People always ask me if I think cooking is trial and error. I say cooking is confidence in the kitchen. How do you get confidence? Well, trial and error. If you try a new procedure or ingredient, what’s the worst that can happen? It’s not to your liking, and you’ve learned yet another way NOT to cook something. Make either mental notes, keep a notebook, or write in your cookbook how you would change something next time. I keep a black and white composition notebook of recipes and how I’d change them next time.
If a painter paints a landscape that they just don’t like, do they give up painting all together? No, they mix more paints and continue to learn and build their confidence.
What is your favorite style of cooking? What about that style most appeals to you?
I’m a big fan of sauté. This is “driving the car” of cooking. If you put a roast in the oven, come back an hour later is this cooking? Well, I guess it is, but using a sauté method where you have to control heat, caramelize sugars, coagulate proteins, add vegetables, drop the temperature of the pan with a cold liquid, thicken to make a sauce, mount with butter… it’s exciting. I feel you have so many opportunities for creativity and variety with sauté than you do with any other method.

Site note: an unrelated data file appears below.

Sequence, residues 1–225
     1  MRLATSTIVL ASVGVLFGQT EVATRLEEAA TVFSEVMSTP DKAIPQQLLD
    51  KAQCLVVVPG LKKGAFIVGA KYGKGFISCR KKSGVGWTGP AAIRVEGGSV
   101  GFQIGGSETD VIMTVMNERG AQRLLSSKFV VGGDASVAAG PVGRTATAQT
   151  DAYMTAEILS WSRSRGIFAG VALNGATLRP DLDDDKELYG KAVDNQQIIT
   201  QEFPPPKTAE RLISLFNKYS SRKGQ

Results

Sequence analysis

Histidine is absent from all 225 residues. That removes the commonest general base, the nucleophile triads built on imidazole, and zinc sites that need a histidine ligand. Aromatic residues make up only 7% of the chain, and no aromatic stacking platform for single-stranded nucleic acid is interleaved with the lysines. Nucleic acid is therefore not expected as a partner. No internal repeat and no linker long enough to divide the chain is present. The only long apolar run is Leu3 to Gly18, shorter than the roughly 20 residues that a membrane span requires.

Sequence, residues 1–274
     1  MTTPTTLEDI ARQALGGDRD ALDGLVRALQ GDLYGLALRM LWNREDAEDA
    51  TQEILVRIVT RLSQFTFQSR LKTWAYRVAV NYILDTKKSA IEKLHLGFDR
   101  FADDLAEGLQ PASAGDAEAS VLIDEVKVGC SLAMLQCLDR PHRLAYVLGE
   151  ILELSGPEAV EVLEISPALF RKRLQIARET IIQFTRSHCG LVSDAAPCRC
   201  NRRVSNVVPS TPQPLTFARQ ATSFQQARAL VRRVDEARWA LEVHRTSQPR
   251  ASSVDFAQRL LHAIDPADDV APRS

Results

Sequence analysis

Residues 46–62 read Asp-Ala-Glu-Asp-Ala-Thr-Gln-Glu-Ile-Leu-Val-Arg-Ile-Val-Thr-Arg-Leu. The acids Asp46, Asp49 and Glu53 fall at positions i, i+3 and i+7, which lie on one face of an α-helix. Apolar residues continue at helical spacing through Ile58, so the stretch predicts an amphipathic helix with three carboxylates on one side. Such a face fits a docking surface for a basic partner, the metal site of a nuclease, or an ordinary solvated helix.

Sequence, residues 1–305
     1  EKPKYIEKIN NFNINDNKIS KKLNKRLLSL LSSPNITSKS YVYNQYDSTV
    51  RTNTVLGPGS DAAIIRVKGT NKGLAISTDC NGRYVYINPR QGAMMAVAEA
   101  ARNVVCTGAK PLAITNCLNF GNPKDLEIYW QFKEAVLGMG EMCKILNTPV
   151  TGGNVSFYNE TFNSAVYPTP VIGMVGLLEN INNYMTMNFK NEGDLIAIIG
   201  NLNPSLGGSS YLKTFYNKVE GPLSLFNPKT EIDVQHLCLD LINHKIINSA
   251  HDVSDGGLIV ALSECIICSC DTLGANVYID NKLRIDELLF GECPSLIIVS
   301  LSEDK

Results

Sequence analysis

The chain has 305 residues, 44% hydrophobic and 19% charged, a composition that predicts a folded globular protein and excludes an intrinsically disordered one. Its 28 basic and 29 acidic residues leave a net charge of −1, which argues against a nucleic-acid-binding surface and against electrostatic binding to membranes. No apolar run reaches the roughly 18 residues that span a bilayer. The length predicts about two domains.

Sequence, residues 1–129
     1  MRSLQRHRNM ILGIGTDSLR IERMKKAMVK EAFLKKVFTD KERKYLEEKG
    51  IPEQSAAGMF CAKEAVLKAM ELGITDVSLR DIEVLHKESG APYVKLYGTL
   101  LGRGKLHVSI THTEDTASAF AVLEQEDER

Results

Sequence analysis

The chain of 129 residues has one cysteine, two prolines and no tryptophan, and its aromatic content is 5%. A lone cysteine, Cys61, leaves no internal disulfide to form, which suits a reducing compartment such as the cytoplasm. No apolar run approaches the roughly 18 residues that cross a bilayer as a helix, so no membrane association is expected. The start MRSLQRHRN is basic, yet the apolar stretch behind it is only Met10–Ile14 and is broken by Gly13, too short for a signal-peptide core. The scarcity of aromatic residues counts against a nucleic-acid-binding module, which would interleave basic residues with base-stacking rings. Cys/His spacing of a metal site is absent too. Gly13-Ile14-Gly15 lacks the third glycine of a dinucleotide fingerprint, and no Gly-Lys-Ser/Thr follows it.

What 5 cookbooks would you recommend every home cook own and what can they learn from
- Food Lovers Companion – Sharon Tyler Herbst – It’s an encyclopedia of food and cooking. It’s not a cookbook, but more like a foodie dictionary. It’s necessary.
- Le Repertoire de La Cuisine – Louis Saulnier – Reference guide to Escoffier. A fancier foodie dictionary.
- On Cooking – Sara Labensky & Alan Hause, – My textbook from culinary school. It covers method and procedure as well as recipes.
- The Sauce Bible – David Paul Larousse – Sauce making is one of the most important skills in the kitchen, and one of the most fun. A bad piece of chicken can be saved by a good sauce, but the best piece of chicken will be ruined by a bad sauce.
- Professional Baking – Gislen – A no-frills, no photos reference to baking methods and formulas.
Briefly, what is a typical day like for you when you are at Savor Hospitality?
There is no typical day. That’s what I like about a catering company over a restaurant or institution. Generally, my day begins around 8 am, answering emails and requests.
- At 9 am, preparations for on-site or off-site lunch service.
- Once lunches are served or delivered, I generally have office work from 1 pm – 3 pm or so. It’s paying bills, writing invoices, writing proposals, taxes, meetings with brides, etc.
- From 3 pm-5 pm, I record cooking videos for my website.
- From 5-6pm I’m doing prep for the 6:30 cooking class.
- 6:30-8:30 I’m teaching class and cleaning up until about 9:30.
- I get home around 10 pm and have to edit and post my daily cooking lesson to YouTube and my website. I’m asleep after midnight.
Some days we have on-site breakfast service. Then, the day starts at 6am and goes until midnight. I would be terribly frustrated with 12 -18 hour days if I worked for someone else. The fact that I’m forwarding my own business makes it a joy.